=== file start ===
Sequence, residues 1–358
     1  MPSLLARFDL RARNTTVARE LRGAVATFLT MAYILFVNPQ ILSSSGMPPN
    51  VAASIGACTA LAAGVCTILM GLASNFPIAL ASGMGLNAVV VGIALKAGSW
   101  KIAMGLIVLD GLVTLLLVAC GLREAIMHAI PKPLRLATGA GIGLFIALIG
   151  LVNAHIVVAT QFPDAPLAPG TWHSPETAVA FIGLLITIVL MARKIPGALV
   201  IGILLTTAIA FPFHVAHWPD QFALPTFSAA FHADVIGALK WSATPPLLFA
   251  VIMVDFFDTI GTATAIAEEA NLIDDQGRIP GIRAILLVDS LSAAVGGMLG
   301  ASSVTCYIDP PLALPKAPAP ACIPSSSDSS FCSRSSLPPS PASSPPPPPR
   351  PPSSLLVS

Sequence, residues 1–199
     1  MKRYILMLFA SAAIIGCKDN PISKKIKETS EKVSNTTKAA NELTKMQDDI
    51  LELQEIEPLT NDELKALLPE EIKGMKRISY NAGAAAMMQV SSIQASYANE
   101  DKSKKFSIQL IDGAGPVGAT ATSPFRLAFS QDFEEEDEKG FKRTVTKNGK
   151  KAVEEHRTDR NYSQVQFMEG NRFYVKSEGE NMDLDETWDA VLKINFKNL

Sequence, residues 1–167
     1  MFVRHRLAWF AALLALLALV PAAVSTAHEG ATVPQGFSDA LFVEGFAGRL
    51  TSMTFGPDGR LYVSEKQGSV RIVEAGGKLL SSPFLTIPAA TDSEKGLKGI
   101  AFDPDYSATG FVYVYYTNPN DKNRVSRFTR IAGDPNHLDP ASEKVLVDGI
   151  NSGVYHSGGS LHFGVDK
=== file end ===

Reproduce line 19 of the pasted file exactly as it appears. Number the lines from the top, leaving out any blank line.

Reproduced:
   151  NSGVYHSGGS LHFGVDK